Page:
Aesthetically, Sony Ericsson has certainly broken the norm when designing the Sony Ericsson Aino. We've long criticised the company for producing the same, dull looking handsets when most competitors are innovating, and they've clearly listened to customer feedback - when closed the Aino looks sleek and stylish, and its long curved design is a hit with us. The large 3in touchscreen takes up most of the front real estate, and a handy unlock button at the top of the phone unlocks the screen.
Unfortunately, first appearances aren't everything and sliding the Aino open is when things take a turn for the worse. The Sony Ericsson Aino's 3in touchscreen means the phone is rather long when opened and the result in a top heavy design.
To make things even worse, the Aino's keypad is positioned right at the base of the phone - when messaging, the weight at the top of the handset makes it feel as though it will easily topple out of your hands. The keypad is also rather small and the controls are awkwardly positioned and squashed together - specifically the selection buttons and shortcut and clear keys.
The biggest disappointment of the Sony Ericsson Aino's design is that its 3in touchscreen can only be used when the phone is closed. In this mode, the touchscreen is used specifically to access the multimedia menu. You can use the camera, view photos and images, listen to music or the built-in FM radio and watch video files, but absurdly you can't access the web browser using the touchscreen.
The screen itself is responsive but the interface isn't very intuitive - it's not clear how to go back a level (you have to touch the top half of the screen where there are no icons) and the options are very limited. For example, you can listen to already created playlists but you can't edit them without sliding up into non-touchscreen mode, and you can only sort music by albums, not artist, genre, song or any other category.
Hooking up with a PlayStation 3 (PS3) games console is one of the highlight features of the Sony Ericsson Aino. Running through the myriad of options, settings and menu screens on both the PS3 and the Aino to get this feature up an running is a pain in the proverbial, but once the set-up was completed we were impressed with the results.
The exact cross media bar (XMB) on the PS3 is displayed on the Aino when connected so it's a familiar look and feel. Videos looked superb on the Aino's display and streaming can be done over Wi-Fi or 3G. The latter will certainly power through plenty of data and does take a while to load, so you've been warned.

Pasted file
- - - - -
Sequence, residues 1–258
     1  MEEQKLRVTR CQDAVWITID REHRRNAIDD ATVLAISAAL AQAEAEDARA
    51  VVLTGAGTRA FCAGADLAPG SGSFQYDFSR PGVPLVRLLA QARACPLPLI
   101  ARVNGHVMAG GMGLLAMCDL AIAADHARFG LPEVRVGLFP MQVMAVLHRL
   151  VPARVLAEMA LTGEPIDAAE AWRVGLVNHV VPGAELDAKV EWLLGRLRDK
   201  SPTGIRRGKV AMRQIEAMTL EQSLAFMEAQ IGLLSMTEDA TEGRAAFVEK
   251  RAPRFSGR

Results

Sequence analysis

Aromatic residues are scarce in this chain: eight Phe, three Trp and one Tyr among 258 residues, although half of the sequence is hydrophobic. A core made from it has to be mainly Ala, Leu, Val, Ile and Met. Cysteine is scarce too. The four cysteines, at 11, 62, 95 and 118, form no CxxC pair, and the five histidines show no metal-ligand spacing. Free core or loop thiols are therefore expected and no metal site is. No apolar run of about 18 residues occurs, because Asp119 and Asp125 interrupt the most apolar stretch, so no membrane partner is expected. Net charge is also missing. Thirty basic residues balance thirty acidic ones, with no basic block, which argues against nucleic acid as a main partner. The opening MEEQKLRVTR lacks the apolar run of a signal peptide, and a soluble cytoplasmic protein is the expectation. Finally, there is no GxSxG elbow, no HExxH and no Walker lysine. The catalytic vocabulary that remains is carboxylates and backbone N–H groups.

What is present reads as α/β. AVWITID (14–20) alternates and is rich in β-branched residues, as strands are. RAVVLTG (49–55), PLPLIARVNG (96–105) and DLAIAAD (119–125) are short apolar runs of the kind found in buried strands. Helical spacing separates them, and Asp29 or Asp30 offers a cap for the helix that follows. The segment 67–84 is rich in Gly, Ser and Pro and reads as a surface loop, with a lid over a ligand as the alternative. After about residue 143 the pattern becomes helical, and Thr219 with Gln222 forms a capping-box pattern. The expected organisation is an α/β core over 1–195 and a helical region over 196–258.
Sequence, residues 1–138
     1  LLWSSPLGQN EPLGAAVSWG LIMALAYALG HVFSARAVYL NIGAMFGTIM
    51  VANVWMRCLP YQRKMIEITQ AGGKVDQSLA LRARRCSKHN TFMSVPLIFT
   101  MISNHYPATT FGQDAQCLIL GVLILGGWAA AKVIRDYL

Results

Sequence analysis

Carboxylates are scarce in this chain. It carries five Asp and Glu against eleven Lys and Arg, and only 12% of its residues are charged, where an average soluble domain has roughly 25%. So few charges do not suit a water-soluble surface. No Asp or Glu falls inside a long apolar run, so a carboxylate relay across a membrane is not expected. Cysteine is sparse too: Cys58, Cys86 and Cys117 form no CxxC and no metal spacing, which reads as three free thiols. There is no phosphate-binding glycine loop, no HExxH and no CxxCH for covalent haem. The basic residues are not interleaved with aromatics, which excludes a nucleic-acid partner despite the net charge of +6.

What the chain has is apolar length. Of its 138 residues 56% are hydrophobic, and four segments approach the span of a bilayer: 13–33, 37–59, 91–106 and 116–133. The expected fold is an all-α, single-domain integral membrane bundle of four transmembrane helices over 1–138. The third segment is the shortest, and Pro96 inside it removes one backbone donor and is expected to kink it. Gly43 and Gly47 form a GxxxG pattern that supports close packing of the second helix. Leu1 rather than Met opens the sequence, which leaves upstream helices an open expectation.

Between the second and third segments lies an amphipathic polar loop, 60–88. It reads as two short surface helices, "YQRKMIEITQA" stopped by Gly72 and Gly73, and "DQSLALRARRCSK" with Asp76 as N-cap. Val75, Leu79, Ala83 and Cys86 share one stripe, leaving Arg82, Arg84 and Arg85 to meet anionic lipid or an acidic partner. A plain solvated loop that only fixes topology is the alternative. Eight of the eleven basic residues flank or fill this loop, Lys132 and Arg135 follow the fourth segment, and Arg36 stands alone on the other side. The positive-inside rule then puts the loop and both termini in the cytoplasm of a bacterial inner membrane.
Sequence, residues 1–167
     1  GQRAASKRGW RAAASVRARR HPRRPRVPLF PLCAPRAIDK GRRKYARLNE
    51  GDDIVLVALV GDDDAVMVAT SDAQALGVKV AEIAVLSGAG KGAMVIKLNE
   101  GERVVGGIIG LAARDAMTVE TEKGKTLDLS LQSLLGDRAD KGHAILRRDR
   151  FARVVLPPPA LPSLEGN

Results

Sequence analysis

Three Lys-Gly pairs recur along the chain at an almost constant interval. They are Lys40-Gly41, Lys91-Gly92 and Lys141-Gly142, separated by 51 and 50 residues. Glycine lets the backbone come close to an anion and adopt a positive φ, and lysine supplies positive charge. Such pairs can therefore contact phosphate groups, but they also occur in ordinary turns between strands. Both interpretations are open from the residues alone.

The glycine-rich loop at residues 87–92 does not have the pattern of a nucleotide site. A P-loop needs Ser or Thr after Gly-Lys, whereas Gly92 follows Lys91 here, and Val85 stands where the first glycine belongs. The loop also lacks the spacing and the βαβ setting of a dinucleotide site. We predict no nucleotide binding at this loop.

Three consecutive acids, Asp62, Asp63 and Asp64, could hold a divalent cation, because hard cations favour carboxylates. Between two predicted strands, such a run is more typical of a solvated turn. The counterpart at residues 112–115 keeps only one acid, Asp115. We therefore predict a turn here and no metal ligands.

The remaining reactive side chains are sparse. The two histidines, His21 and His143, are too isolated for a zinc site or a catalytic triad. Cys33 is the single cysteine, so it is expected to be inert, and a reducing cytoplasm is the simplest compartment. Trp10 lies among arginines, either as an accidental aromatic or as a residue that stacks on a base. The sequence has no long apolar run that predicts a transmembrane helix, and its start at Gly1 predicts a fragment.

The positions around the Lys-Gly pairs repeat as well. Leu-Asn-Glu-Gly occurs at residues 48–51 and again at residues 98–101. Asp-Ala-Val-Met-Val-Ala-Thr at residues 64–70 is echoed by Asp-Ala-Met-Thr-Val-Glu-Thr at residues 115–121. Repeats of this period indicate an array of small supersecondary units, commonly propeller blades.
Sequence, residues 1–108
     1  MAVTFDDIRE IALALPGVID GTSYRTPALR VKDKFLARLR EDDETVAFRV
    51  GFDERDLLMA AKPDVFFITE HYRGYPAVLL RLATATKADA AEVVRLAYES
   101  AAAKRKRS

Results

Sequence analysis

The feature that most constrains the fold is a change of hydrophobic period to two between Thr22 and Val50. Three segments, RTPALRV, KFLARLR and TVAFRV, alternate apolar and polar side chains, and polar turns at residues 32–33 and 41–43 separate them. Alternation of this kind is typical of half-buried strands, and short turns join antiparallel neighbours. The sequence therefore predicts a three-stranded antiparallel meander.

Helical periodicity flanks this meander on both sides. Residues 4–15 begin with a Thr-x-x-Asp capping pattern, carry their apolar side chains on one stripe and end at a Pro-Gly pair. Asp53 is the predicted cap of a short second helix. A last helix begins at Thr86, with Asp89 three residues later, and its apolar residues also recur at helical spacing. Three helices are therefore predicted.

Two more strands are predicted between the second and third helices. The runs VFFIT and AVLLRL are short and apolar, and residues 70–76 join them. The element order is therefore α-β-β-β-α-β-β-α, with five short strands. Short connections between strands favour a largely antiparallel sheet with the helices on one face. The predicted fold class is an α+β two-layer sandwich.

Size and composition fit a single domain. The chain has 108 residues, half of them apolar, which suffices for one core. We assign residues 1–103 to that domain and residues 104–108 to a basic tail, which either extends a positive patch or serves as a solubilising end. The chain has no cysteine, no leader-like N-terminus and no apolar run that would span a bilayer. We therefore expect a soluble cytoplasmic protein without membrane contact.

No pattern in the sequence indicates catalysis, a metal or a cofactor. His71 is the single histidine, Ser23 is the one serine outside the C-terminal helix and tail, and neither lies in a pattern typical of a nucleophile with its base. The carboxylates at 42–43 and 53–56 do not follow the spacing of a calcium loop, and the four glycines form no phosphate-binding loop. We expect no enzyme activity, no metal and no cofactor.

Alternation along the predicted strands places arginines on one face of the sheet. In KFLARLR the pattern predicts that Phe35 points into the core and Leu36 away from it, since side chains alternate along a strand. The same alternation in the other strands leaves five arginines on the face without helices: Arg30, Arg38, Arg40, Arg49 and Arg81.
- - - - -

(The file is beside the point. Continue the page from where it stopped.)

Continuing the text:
PS3 streaming aside, the Sony Ericsson Aino is a fairly standard handset. An 8.1-megapixel camera with LED flash, built-in GPS, Wi-Fi and HSDPA capabilities are all included. The camera takes less than impressive photos and the LED flash isn't capable of providing enough light for decent low-light shots. Google Maps and the Wayfinder Navigator application are both included but the latter requires an extra subscription cost.
Sony Ericsson is generous with included accessories - the Aino comes packaged with a charging/synchronising dock that's positioned at a good angle to watch videos, as well as an MH100 Bluetooth headphone adaptor. The latter allows you to use a standard set of headphones with A2DP Bluetooth.
It is rather large but has a convenient shirt clip and its built in microphone means you can also take phone calls. Turning on the MH100 automatically pairs it with the Aino (provided Bluetooth is on), so it's easy to get connected. The bundled adaptor still doesn't excuse the Aino's lack of 3.5mm headphone jack - sound quality over a wired connection is still better than over Bluetooth and you're stuck if you forget or lose the Bluetooth adaptor.
The Sony Ericsson Aino's ability to wirelessly connect a PS3 is a great feature, but the limited touchscreen functions and its top heavy design diminish its wider appeal.